galas, with epaulets, a gold sash, and pants with a maroon stripe down the leg. His chest gleamed with all manner of medals, the Great Cross of the Royal Military Order of Saint Hermenegild most prominent among them. He invited me to sit (I noted a slight Italian influence in his accent—though born in Gries, Austria, he had been educated in Italy), and watched as Idrew out my notebook and my Waterman and prepared to take notes. According to protocol, when dealing with a Royal Highness one may not formulate direct questions, but rather only respond or comment. The infante took full advantage of this prerogative.
“I am interested in you publishing, in your esteemed newspaper, that the infanta and I, after having most gladly accepted the honor of representing His Majesty the King in the acts to be held here, have felt a most profound satisfaction, as this trip to Barcelona was one we were longing to make, especially as the infanta, my wife, had never been here and was most curious and interested in seeing at close quarters this metropolis, which today stands, on its own merits, among the very finest in Europe.”
This was how I usually expressed in my articles the paradox of the journalist who cannot completely fulfill his obligation:
“ … ?”
“We come to commend the laudable efforts carried out by the women of the Red Cross, who deserve all of our praise, and we shall never forget the warm reception we have been given here. The infanta is thrilled. I may say that, after years of not having returned to Barcelona, I find it visibly vitalized. The bustle, the life of the city and its people—full of light and cheer, and who constantly prosper, intensifying their work and expanding their efforts to improve traffic conditions and the city’s streets and avenues—fill the visitor with hope in every aspect. I am convinced that this great city is destined to become one of the world’s finest.”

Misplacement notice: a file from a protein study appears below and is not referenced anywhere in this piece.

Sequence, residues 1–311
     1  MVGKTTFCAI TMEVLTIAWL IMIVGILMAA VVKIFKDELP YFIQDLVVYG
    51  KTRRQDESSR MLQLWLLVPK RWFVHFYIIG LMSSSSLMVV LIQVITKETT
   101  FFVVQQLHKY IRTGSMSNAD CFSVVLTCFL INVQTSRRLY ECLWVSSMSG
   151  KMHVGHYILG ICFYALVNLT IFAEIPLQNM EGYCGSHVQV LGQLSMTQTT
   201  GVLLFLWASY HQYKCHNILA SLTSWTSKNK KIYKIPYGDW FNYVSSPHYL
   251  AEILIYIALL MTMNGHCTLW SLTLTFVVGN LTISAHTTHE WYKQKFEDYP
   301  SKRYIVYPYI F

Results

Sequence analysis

The infante paused and asked for a glass of water. He deserved it.
“And now, my friend, do not write this down. I am going to share with you something which I would like you to transmit discreetly in journalistic circles. As you know, the endemic problem in Barcelona in recent years has been public order. Much blood has been spilled, and asuccession of civil and military governors has been unable to solve the problem. His Majesty is concerned regarding the effects of the Russian Revolution on other European countries, such as Germany, where in the end the army had to step in, even occupying Munich in order to prevent the Sovietization of Bavaria, hitherto a fervently Catholic stronghold. We cannot allow things to reach this point in Catalonia. Thus, the government of the monarchy has sent a brave and upstanding authority here to bring order, for if Barcelona falls, all of Spain shall tremble. My friend, let me introduce you to General López Ballesteros, the new civil governor of Barcelona.”
A powerful presence silently emerged from a shadow by the wall, stepping forward to stand in the very center of the room where we were talking.
Ángel Lacalle had written me a most earnest note: “You saved my life and I shall give you a story. Meet me at 12 San Antonio Street.”
I struggled with whether to accept the invitation. Surviving gunshots is certainly a circumstance which draws two people together, but that influential anarchist was a figure who continued to kindle all of my anxieties. In the end, my curiosity and journalistic tendencies prevailed.
The address Lacalle had called me to belonged to the Masons’ Union, already incorporated into the General Union which the anarchist leader had utilized as an instrument to bring together Barcelona’s entire working class. At the back of a small room, my acquaintance was conversing with a man standing in a line that slowly inched forward, issuing advice and dishing out justice as if he were a cross between a biblical judge and some kind of selfless, charity-dispensing
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